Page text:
Why you should care
Because ’tis the season to sound pigskin-savvy.
As if the NFL soap opera doesn’t already have enough drama, league directors decided to up the theatrics for the 2015 season by slightly lengthening the extra-point distance. (To recap for the truly clueless: That’s how far back the scoring team has to line up before kicking the ball through the uprights after a touchdown.) Now kickers have to toe the 15-yard rather than the 2-yard line. And sure enough, the football gods have delivered once again in making things interesting.
Three games into the season, NFL kickers have already botched
extra points, compared to only
misses throughout all of last season.
It’s a cruel lot for perhaps the most underappreciated — and pasty — position in professional sports. Last year, kickers boasted a 99 percent success rate, but even as they straddled perfection, we ask: Can you name one? Then again, maybe this rule change will bring a bit of notoriety. In Week 2, after racking up two penalties, Cleveland Browns kicker Travis Coons was 48 yards away by the time he lined up. When he booted the football through the goal post, Coons had claimed the record for longest extra point in NFL history. “There’s more pressure on them to be accurate,” says record-setting collegiate kicker Brent Grablachoff, “but it also means that kickers who make extra points consistently will probably get paid more too.”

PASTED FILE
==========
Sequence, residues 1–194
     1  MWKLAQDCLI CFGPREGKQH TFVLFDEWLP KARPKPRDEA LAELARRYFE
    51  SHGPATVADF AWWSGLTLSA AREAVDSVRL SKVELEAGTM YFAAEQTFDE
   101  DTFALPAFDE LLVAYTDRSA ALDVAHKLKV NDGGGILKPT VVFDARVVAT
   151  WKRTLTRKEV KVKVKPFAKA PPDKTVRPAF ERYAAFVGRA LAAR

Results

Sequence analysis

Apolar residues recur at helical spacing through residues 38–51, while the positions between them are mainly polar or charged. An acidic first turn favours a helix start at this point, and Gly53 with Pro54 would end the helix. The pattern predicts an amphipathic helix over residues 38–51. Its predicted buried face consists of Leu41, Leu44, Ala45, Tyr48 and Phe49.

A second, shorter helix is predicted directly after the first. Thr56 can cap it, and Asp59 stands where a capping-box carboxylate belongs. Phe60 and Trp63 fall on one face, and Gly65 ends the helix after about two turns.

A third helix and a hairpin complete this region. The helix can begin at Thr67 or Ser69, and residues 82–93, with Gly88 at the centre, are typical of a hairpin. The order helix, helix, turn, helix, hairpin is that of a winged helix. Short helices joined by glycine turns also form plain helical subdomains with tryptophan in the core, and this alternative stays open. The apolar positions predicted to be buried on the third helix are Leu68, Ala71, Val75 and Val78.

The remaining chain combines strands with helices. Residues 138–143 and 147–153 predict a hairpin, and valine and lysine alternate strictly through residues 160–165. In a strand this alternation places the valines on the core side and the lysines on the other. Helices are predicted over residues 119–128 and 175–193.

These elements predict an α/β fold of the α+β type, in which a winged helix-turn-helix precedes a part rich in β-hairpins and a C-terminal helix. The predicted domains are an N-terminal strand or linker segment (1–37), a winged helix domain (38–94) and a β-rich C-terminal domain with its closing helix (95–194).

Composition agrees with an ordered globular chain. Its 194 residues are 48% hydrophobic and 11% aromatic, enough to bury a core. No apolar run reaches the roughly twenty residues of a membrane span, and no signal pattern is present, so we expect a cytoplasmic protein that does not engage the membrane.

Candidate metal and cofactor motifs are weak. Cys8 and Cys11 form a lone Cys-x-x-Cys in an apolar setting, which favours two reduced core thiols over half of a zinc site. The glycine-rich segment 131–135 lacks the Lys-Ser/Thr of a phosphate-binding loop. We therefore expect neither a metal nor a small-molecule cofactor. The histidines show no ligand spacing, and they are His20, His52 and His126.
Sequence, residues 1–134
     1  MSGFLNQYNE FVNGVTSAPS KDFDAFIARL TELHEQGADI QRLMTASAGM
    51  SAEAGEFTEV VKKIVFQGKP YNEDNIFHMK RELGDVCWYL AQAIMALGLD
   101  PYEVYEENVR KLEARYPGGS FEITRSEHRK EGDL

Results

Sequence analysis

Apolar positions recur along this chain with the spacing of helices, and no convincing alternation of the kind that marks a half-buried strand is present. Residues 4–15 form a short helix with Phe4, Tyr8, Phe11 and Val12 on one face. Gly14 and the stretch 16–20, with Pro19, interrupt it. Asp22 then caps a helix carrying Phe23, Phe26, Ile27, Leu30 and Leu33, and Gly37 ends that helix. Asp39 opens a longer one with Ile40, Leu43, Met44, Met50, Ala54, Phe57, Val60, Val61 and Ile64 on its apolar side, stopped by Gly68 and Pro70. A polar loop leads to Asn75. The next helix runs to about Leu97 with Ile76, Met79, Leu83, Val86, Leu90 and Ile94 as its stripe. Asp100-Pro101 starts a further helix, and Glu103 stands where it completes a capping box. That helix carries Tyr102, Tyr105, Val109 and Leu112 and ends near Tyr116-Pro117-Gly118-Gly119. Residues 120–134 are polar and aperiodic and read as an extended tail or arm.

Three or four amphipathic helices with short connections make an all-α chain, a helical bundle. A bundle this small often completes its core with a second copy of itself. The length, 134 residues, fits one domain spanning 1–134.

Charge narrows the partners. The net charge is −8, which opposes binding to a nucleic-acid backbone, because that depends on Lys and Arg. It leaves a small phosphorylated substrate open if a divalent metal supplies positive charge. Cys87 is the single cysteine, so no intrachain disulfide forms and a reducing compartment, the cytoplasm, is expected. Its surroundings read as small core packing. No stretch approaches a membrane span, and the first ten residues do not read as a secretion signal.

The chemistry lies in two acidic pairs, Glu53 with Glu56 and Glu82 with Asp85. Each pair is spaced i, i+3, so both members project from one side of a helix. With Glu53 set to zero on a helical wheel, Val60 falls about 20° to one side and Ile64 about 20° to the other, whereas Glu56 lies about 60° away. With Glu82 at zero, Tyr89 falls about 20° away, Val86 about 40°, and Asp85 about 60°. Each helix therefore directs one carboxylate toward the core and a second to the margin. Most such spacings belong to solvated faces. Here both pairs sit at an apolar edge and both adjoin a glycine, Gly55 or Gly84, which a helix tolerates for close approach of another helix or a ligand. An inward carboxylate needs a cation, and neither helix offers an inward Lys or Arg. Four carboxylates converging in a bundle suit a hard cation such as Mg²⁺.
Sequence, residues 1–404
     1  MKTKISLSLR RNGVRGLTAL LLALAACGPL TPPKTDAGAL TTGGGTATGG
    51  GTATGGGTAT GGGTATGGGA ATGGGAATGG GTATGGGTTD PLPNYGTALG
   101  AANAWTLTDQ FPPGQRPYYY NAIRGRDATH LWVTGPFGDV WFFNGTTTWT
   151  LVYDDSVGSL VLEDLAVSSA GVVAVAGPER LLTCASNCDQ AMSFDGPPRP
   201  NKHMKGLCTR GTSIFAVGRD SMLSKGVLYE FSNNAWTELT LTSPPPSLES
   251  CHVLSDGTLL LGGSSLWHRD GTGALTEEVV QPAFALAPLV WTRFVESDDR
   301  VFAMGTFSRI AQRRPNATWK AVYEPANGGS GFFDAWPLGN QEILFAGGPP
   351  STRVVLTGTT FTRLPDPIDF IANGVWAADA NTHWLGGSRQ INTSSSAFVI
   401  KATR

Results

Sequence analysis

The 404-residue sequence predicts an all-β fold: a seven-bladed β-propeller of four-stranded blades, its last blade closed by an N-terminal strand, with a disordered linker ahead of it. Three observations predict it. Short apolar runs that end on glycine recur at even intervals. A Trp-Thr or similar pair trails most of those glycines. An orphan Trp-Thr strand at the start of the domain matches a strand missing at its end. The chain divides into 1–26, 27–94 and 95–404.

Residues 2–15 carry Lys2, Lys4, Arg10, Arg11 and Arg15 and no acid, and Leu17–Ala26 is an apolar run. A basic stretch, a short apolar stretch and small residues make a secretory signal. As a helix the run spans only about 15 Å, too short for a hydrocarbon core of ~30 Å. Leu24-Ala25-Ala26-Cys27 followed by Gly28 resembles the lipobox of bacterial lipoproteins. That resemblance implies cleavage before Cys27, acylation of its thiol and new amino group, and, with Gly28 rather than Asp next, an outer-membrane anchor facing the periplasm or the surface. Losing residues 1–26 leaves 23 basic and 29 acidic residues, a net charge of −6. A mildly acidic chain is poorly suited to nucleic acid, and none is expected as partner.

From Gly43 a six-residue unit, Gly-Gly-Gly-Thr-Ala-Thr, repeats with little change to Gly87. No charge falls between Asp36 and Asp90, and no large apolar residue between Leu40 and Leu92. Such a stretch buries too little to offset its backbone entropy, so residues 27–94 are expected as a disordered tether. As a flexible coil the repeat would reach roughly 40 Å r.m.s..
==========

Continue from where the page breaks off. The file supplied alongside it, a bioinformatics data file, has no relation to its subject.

Then again, it could make the kicker even more irrelevant. It used to be rare for professional teams to go for 2 points after a touchdown (that’s when the offense opts to line up at the 2-yard line and, essentially, try to score again for 2 points rather than 1), but strategies are shifting now that the extra point is no longer a gimme. The Pittsburgh Steelers have started their last two games by going for 2-point conversions (with mixed success).
Or … it could make no difference at all in the long run. After all, this isn’t the first time the NFL overlords have targeted the poor kicker. In 1974, the league moved the uprights back 10 yards. While kickers only made 92 percent of their attempts the following season, by the ’90s they were back up to 98 percent. FiveThirtyEight sports analyst Benjamin Morris isn’t convinced the move will create added tension. “Even if misses happen slightly more often, they’re still going to be infrequent enough that I’d guess they’re more likely to annoy fans after the fact than keep them in suspense beforehand,” he writes. In that case, I’m sure we can rely on the Pats to provide plenty of angst.